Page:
Hagari also indicated that Israel was winding down its operations in northern Gaza, including Gaza City, where it has been battling Hamas militants for weeks. He said the army had moved into a final remaining Hamas stronghold, the Gaza City neighbourhood of Tufah.
But the army also acknowledged a significant misstep. An investigation into its soldiers’ mistaken shooting of three Israelis held hostage in Gaza found that, five days before the shooting, a military search dog with a body camera had captured audio of them shouting for help in Hebrew.
Hagari said the recording was not reviewed until after the hostages were killed while trying to make themselves known to Israeli forces.
The incident has sparked an uproar in Israel and put pressure on the government to reach a new deal with Hamas. The military chief has said the shooting was against its rules of engagement.
The Israeli military campaign now is largely focused on southern Gaza, where it says Hamas’ leaders are hiding.
“We will continue the war until the end. It will continue until Hamas is destroyed, until victory,” Israeli Prime Minister Benjamin Netanyahu said in a video statement. “Whoever thinks we will stop is detached from reality.”
As Netanyahu vowed to continue the war, there were new signs of progress in cease-fire talks.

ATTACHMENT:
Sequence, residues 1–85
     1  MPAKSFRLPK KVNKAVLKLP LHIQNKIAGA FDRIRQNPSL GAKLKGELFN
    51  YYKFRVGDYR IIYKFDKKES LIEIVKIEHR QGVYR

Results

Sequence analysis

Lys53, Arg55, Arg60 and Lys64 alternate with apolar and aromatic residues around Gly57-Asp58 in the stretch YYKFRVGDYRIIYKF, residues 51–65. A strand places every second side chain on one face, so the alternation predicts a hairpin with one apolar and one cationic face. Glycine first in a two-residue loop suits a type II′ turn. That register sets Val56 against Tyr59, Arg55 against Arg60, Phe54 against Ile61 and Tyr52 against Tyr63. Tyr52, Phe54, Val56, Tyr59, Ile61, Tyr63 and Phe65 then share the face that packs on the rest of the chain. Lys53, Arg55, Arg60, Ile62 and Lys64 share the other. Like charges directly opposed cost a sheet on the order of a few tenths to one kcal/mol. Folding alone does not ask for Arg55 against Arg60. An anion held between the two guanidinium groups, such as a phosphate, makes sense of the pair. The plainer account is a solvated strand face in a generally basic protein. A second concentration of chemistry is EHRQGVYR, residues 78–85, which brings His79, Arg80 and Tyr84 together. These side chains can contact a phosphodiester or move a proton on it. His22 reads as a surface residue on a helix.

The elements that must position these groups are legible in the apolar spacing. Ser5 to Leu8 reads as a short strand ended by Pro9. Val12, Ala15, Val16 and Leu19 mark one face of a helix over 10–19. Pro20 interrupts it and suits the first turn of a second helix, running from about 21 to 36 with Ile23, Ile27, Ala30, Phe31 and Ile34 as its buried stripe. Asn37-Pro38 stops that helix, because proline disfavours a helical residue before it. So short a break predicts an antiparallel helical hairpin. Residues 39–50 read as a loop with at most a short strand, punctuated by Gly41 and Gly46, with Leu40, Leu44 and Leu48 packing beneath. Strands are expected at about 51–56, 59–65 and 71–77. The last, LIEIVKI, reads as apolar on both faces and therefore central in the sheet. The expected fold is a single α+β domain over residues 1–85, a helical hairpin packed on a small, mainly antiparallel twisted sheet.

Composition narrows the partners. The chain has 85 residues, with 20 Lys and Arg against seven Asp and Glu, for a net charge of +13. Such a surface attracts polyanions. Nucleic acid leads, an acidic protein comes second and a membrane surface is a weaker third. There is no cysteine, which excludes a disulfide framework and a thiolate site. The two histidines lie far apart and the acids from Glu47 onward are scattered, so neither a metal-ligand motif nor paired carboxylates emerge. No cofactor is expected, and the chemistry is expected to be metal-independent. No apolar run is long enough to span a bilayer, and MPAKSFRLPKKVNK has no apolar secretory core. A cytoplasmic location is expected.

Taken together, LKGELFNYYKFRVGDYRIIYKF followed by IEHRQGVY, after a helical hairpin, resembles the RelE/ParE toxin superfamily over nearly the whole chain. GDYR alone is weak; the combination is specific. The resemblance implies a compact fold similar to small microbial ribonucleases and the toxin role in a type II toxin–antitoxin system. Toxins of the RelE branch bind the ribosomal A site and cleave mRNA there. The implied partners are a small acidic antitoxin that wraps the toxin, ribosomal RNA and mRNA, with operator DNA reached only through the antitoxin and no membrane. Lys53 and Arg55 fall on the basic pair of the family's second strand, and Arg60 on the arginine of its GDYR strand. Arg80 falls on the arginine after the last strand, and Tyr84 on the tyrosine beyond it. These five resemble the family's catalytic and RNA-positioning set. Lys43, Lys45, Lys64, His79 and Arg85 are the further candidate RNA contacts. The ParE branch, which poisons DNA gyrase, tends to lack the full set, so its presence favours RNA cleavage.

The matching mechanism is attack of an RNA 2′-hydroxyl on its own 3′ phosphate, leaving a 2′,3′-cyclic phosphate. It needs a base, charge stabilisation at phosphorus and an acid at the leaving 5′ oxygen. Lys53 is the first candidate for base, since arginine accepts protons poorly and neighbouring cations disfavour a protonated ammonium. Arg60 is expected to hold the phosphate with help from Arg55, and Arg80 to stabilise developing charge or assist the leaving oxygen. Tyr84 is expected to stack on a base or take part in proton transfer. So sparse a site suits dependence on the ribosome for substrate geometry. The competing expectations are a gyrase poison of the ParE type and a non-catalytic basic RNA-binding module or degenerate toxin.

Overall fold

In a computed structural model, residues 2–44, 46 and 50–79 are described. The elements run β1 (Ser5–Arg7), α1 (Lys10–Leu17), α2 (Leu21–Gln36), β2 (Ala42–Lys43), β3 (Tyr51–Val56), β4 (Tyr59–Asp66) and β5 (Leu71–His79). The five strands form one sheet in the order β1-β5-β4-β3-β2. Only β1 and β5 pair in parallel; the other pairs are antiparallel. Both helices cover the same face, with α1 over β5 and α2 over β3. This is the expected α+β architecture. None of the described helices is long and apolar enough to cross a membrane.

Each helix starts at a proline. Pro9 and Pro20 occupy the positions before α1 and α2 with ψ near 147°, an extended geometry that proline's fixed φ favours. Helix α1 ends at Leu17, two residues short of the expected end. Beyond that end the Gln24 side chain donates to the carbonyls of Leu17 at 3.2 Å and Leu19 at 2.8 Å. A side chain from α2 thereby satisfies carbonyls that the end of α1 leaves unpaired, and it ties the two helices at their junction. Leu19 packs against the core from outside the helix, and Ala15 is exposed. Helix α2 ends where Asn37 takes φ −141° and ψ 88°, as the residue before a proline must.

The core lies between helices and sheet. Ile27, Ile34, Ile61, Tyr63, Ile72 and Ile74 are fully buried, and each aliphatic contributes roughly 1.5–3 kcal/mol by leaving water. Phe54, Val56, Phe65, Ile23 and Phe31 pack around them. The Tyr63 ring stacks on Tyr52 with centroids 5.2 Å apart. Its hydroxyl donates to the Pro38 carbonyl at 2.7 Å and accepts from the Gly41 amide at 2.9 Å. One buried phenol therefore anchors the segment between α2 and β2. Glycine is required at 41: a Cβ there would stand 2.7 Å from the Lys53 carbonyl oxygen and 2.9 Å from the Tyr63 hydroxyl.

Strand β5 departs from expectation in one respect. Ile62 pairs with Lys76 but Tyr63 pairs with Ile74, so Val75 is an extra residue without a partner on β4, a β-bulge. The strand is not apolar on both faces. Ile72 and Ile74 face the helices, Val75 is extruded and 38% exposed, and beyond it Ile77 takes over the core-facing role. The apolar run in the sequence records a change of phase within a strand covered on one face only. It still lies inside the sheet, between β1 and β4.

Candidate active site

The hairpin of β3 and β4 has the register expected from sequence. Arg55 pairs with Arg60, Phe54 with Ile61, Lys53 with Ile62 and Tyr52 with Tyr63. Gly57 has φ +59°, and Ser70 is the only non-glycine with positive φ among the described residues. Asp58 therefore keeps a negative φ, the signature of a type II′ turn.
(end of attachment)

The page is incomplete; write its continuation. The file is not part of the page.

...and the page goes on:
Hamas’ top leader, Ismail Haniyeh, travelled to Cairo for talks on the war, part of a flurry of diplomacy. In recent days, top Israeli, American and Qatari officials have also held cease-fire talks.
“These are very serious discussions and negotiations, and we hope that they lead somewhere,” the White House’s national security spokesman, John Kirby, said aboard Air Force One while travelling with President Joe Biden to Wisconsin.
Biden, however, indicated a deal was still a ways off. “There’s no expectation at this point, but we are pushing,” he said. Asked about the rising death toll in Gaza, Biden said: It’s tragic.”
Hamas says no more hostages will be released until the war ends. It is insisting on the release of large numbers of Palestinian prisoners, including high-level militants convicted in deadly attacks, for remaining captives.
Osama Hamdan, a senior Hamas official in Beirut, said the efforts right now are focused on how to “stop this aggression, especially that our enemy now knows that it cannot achieve any of its goals.”
Israel has rejected Hamas’ demands for a mass prisoner release so far. But it has a history of lopsided exchanges for captive Israelis, and the government is under heavy public pressure to bring the hostages home safely.
Egypt, along with Qatar and the US, helped mediate a weeklong cease-fire in November in which Hamas freed over 100 hostages in exchange for Israel’s release of 240 Palestinian prisoners. Hamas and other militants are still holding an estimated 129 captives, though roughly 20 are believed to have died in captivity.